An international group of scientists and a massive observing campaign may have uncovered the reason behind a distant pulsar’s flashy behavior. This pulsar, dubbed PSR J1023+0038, has two different modes of brightness — and switches between them almost constantly, which may be due to sudden ejections of matter.
“We have discovered that the mode switching stems from an intricate interplay between the pulsar wind, a flow of high-energy particles blowing away from the pulsar, and matter flowing towards the pulsar,” Francesco Coti Zelati, an observational astrophysicist and study author at the Institute of Space Sciences in Barcelona, said in a statement. Researchers published details on the pulsar today in the journal Astronomy and Astrophysics.
Beacons of the cosmos
Pulsars are the dead remnants of massive stars that exploded in a supernova. Though they produce no internal nuclear fusion, they spin quickly, generate strong magnetic fields, and emit beams of light into space. When such a beam sweeps across Earth, its star appears to pulse in brightness in radio waves.
The most rapidly rotating pulsars have revolution periods of less than 30 milliseconds — spinning hundreds of times per second — and are called milliseconds pulsars (MSPs). Scientists think they achieve these rotation rates by periodically pulling in material from a nearby companion star, which falls onto the pulsar and spins them up. In total, there are about 3,000 known MSPs.
Located around 4,500 light-years away within the constellation Sextans, the millisecond pulsar PSR J1023+0038 closely orbits a companion star. When it was identified in 2007, it appeared to be a normal radio pulsar. But archival data showed that it was the same object as one that astronomers had previously identified as an X-ray binary system — a pair of stars where one is stealing matter from the other, forming a hot accretion disk capable of emitting X-rays. Follow-up observations showed that by 2007, that accretion disk was gone.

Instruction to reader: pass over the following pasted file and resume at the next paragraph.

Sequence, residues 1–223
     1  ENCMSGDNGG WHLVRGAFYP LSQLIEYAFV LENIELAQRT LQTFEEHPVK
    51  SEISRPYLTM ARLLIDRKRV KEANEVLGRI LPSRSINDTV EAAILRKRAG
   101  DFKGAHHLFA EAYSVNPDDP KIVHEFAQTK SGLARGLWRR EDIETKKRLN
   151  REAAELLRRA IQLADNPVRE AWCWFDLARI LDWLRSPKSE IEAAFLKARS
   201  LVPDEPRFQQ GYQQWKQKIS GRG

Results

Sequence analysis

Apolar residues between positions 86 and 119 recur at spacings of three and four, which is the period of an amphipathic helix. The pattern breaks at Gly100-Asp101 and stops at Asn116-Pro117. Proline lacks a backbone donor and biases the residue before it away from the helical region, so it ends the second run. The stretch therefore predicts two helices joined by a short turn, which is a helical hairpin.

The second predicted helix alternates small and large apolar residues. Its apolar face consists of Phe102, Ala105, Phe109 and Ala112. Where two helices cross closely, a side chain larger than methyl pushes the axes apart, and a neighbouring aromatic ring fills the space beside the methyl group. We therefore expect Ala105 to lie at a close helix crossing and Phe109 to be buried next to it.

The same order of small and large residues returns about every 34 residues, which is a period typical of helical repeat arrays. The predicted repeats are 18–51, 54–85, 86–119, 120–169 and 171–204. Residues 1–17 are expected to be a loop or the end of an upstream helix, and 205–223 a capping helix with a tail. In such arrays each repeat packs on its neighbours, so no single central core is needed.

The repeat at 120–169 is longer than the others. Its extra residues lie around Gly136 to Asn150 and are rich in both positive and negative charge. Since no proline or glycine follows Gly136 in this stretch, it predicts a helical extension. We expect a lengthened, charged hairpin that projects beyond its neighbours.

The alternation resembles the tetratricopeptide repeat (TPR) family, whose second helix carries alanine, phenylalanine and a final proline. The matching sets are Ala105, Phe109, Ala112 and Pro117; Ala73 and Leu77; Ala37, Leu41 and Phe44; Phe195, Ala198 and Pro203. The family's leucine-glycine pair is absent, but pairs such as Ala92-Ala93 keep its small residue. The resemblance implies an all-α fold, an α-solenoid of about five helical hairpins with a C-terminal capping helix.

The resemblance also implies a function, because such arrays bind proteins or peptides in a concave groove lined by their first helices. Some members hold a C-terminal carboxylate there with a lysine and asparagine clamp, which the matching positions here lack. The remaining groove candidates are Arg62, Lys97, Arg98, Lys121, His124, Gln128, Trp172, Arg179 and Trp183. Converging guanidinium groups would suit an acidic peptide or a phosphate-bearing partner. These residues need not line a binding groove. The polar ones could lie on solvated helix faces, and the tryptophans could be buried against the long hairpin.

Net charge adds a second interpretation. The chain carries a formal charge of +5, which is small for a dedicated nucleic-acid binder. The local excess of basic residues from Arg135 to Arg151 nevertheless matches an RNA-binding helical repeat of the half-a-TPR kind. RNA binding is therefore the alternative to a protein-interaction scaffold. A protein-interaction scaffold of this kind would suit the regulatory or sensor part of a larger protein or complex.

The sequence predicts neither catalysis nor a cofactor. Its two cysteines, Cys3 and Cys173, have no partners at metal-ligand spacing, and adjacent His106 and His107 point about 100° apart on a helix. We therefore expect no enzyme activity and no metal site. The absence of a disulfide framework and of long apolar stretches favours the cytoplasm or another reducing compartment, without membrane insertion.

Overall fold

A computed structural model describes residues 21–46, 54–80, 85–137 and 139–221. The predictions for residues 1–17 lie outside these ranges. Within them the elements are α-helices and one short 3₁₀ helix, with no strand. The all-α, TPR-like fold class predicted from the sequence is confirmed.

This earned J1023 the distinction of one of the first known transitional millisecond pulsars (tMSPs) — an object that can switch between a radio pulsar state and an active low-luminosity X-ray disk. tMSPs represent a key period in the lives of MSPs. The X-ray emission is evidence that these pulsars indeed spin themselves by occasionally accreting matter from their host star, which forms a hot disk around the pulsar and emits X-rays.
In 2013, astronomers noticed that J1023’s behavior abruptly changed again: The pulsar’s sweeping beam vanished and the star began showing erratic changes in brightness, seeming to have two modes of emission. When the pulsar shines brightly in what astronomers came to call its high mode, it emits X-rays, ultraviolet, and visible light. When the pulsar dims to its low mode, it instead releases more radio waves. PSR J1023+0038 usually stays in either mode for no longer than several minutes and then changes between the two in seconds.
The X-rays emitted during the high mode suggested that J1023 had regained an accretion disk. But how the pulsar switched between the two modes puzzled astrophysicists — until now.
What’s in a pulsar?
Scientists sought to decipher PSR J1023+0038’s mercurial behavior with a coordinated observing campaign using 12 telescopes, both in space and on Earth. These observations spanned the electromagnetic spectrum, from X-rays to radio waves. Over two nights in June 2021, they captured over 280 switches between its high and low modes. The team then used models of the pulsar and its accretion disk to reverse engineer their observations. This modelling showed that the changes in brightness were coming from the innermost portion of the accretion disk.
Another piece of the puzzle came from a flare observed at radio wavelengths by the Atacama Large Millimeter/submillimeter Array in Chile, one of the 12 facilities involved. This burst of emission came right as the object switched from its high to low mode.
This led the team to conclude that when the pulsar dims, it expels the hottest material around it in a jet perpendicular to the disk. Within minutes, accreting matter is once again heated by the wind coming from the pulsar, generating bright X-rays. This is the pulsar’s bright mode; it switches back to its dim mode after the jet ejects this hot matter from the inner region.
Researchers hope to learn more about J1023 with the European Southern Observatory’s Extremely Large Telescope (ELT). The telescope is under construction in Chile, recently passing the 50-percent completion mark and scheduled to begin scientific observations in 2028. “The ELT will allow us to gain key insights into how the abundance, distribution, dynamics, and energetics of the inflowing matter around the pulsar are affected by the mode switching behavior,” said Sergio Campana, coauthor of the study and research director at the Italian National Institute for Astrophysics’ Brera Observatory in Merate.